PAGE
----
I’m not the world’s biggest fake meat fan. I can go for weeks without eating anything that’s supposed to be a faux-whatever. But I definitely jump at the chance to create a faux-something from an unexpected ingredient – you might remember my nerdtastic yuba “dragon” from last year. Its one of the things I like best about vegan food, the ways it can make me feel like a mad scientist, trying to concoct something familiar (or ridiculous) out of something else entirely.
Enter – jackfruit “pulled pork.” I’ve eaten it before, most notably at Hot Beans in Toronto, and I’ve seen several other blogs create their own takes on it.
While visiting my parents a few weeks ago, I remembered there was this can of unripened jackfruit that had been languishing in their pantry since I picked it up in a Chinatown market last summer. We were all a little skeptical, after the unfortunate/revolting can of “mock duck” I bought on the same trip had a grody stench reminiscent of cat food. Mystery canned/processed foods are clearly not my jam, I decided, and so the jackfruit sat. And sat some more. But then, on this visit to Salt Spring, we were feeling a little adventurous, a little “why the hell not.” Up for an experiment: the jackfruit experiment. At least it’s just fruit in a can, right? Not some sketchy gluten product with creepy faux-duck skin pock marks (one of those times when fake meat is just too convincing, I guess.)
I did my usual recon of jackfruit recipes and BBQ sauce recipes, before closing all books and blogs, and just going for it. I think I’ve mentioned before I’m not so great at following recipes in my own kitchen. It’s why I’m not much of a baker.
I figured, I know what BBQ sauce should taste like, I know my own preferences run more to the spicy and tangy than overly sweet. I marinated the ‘fruit in some dry spices for the afternoon, whipped up an impromptu ‘que sauce, and stewed them together for a while. Honestly – it could have cooked longer, but we were hungry and impatient after an afternoon of hiking, so we just went for it. And it was delicious.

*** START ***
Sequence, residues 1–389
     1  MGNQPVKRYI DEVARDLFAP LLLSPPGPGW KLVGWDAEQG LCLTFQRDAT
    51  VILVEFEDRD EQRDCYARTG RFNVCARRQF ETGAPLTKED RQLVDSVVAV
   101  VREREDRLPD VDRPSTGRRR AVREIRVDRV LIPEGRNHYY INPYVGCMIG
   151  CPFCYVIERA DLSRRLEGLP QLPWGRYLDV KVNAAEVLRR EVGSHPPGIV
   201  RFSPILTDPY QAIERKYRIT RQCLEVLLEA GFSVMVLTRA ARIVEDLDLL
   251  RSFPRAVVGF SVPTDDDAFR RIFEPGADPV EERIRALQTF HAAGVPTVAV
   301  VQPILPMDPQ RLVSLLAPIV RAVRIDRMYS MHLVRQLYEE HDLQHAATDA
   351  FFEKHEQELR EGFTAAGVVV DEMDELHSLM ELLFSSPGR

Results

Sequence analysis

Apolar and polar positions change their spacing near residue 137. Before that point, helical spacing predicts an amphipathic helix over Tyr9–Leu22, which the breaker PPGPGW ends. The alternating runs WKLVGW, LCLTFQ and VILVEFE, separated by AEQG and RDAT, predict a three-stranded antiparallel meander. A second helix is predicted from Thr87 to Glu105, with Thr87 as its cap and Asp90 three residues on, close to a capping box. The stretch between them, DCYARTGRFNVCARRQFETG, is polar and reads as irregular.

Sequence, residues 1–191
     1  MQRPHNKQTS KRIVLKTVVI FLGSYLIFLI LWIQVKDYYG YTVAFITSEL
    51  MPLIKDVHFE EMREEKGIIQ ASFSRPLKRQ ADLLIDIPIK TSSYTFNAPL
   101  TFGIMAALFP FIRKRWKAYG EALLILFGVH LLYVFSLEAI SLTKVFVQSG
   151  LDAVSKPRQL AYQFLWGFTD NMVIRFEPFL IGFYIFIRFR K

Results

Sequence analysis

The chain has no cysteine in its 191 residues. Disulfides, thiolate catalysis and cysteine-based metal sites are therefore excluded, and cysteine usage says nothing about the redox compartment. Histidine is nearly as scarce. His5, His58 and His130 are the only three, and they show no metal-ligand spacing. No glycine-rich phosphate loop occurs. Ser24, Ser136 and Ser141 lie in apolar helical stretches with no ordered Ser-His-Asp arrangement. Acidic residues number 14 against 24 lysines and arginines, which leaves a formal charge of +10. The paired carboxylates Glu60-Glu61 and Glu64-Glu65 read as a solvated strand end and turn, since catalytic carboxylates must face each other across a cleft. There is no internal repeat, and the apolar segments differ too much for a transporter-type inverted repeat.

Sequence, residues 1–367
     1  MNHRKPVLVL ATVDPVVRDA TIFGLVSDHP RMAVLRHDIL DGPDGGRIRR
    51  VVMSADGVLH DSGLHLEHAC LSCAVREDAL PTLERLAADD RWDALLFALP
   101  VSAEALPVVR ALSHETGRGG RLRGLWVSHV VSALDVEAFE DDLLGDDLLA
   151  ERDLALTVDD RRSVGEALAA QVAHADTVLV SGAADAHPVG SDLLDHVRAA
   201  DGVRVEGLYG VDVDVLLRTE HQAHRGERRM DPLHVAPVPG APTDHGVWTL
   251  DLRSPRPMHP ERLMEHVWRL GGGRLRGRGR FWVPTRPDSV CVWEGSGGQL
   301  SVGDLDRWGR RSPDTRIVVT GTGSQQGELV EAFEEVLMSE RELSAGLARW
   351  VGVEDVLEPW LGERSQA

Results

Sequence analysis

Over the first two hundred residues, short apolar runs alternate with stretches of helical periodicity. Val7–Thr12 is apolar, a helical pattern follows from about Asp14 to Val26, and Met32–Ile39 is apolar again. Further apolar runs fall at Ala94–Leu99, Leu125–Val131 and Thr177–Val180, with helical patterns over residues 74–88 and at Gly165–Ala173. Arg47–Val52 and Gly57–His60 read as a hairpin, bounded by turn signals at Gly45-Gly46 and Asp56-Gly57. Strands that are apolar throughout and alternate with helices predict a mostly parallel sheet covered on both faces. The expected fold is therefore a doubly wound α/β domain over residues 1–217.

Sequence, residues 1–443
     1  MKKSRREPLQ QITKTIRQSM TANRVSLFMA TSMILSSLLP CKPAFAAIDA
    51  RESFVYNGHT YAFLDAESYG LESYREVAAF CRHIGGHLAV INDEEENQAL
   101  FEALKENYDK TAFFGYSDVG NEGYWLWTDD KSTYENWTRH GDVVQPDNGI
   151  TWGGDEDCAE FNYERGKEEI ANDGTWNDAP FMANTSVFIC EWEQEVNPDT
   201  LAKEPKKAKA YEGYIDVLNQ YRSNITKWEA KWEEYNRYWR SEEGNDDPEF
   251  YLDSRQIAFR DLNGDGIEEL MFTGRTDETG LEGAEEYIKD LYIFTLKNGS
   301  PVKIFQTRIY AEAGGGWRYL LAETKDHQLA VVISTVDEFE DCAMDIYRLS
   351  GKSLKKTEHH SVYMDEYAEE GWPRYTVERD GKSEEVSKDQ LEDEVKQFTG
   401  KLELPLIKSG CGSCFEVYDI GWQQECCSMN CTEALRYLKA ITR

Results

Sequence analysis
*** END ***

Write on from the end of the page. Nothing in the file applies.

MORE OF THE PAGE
I topped it with a cashew sour cream, just like the BBQ burdock we made when I worked at Live Organic Food Bar.
Seriously, guys. This was crazy delicious.
It’s mostly about the sauce, so make sure you use a recipe you like, but the texture of the jackfruit is stringy, a bit chewy, and substantially meaty enough to stand up to being cooked for a good while in a tasty sauce. We went for tacos, but you could just as easily make a sandwich, or serve it on a plate with some grain, sweet potatoes, cooked or raw greens, maybe even with some mac’n’cheez for a total southern-style meal. Ugh, I want that. Right now.
BBQ Sauce Non-Recipe
Since I didn’t follow or really record a recipe, I’m just going to make some BBQ sauce flavour suggestions. You can even use a bought sauce if there’s one you really like. It’s all about getting a good sweet/sour/smoky/spicy profile that you enjoy. Mine included:
- apple cider vinegar
- tomato paste/ketchup
- molasses/maple syrup
- liquid smoke/mesquite
- all spice
- chili powder
Cashew Sour Cream
- 1 cup raw cashews, soaked at least 1/2 hour
- pinch of salt
- juice of 1/2-1 lemon, depending on size
- 1/2 cup water (enough to blend, can use more depending on blender)
Soak cashews at least 1/2 hour. If you forget to soak them before hand, you can pour some boiling water over them for 10-15 minutes for a cheater-soak. Cheater. Combine all ingredients in high-speed blender, and process slowly until smooth. Seriously. Start slow and work your blender up to high so you don’t blow out the motor/fail entirely. You can add more water/lemon/salt as needed to blend, or as desired for taste. If you’re feeling super fancy, use lime juice, or throw in a pinch of chipotle powder for a lime/chipotle cream. Drizzle on tacos/nachos/your face, as needed.
In conclusion, this is an odd food in a can that I would recommend trying. I’ve heard you may actually be able to find fresh unripened jackfruit in some Asian markets, so have a look for that as well. But keep in mind that ripe jackfruit is way different – sweet and starchy, apparently, where this is fibrous and really has no flavour of it’s own to speak of. It’s all about the texture!
Ok. Your turn. Have you tried jackfruit? Do you ever buy weird foods you’re a bit scared of for kitchen experiments?